A representative of Save the Children introduced its database for six countries in the Mekong region that helps analyze the situation of children and supports the planning and monitoring of its activities. Children receiving its services provide information using a questionnaire. Personal data are stored in local offices, but information shared among regions and countries are less detailed. The KKSP Foundation in Indonesia has a database on children who are victims of violence including trafficking for its advocacy activities. The Philippine Center on Transnational Crime under the Office of the President operates a database on international crimes including trafficking in human beings. Information of the victims as well as the traffickers (regarding their personal details, information on their cases, and criminal organizations) are collected to facilitate monitoring of illegal activities and assist police operations.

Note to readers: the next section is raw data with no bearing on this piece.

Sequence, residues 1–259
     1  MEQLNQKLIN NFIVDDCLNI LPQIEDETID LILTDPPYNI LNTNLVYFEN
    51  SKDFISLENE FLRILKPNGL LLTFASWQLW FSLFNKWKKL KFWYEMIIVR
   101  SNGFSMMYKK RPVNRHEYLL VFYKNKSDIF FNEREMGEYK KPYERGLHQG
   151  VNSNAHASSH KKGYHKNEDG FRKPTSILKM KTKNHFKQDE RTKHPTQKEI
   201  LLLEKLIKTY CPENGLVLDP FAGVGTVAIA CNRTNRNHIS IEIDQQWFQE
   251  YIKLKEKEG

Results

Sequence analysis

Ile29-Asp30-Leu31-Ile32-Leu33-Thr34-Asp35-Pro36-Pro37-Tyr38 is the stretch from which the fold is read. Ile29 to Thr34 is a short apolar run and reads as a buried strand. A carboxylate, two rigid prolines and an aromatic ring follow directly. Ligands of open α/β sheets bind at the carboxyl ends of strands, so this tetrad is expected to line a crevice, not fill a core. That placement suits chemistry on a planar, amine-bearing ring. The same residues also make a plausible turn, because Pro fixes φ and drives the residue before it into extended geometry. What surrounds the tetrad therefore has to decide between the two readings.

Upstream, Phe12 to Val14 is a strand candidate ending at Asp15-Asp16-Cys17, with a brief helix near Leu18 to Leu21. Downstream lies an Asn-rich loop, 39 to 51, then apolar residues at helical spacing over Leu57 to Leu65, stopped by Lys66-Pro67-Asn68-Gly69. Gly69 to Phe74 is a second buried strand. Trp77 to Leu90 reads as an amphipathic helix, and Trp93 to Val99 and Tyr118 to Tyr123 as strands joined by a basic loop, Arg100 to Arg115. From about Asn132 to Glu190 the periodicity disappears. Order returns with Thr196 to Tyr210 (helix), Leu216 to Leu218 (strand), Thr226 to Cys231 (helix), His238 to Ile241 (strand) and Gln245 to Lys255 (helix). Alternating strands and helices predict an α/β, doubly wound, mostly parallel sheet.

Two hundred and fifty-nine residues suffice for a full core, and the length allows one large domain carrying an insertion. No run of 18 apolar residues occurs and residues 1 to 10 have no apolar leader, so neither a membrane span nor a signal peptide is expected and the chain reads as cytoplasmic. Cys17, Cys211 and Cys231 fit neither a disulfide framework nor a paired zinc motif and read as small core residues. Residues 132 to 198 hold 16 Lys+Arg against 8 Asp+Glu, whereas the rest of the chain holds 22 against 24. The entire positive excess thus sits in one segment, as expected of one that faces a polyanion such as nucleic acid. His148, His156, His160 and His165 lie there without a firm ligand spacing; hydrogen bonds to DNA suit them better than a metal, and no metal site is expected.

An example of database providing bases for policy- making is the initiative of the Social Development and Human Security Office of Thailand in Chiang Mai and two other northern provinces. The database has information on health, education, migration and other matters of the residents in these areas that the various ministries collect, as well as information on entertainment facilities and areas requiring particular attention. The collected information are used in preparing policies and plans for preventing trafficking, responding swiftly to cases, and promoting cooperation with other relevant ministries and agencies. The Subaybay Bata Monitoring System of the Philippine Council for the Welfare of Children, an inter-agency body monitoring and evaluating the implementation of policies and programs for the welfare and protection of children, was another example introduced in the conference. In this scheme, data from the studies and reports from various ministries as well as information collected by the barangay (community) officials provide the basis for formulating policies and decision-making. The data are also used to promote dialogue and sharing of responsibilities among national and local officials.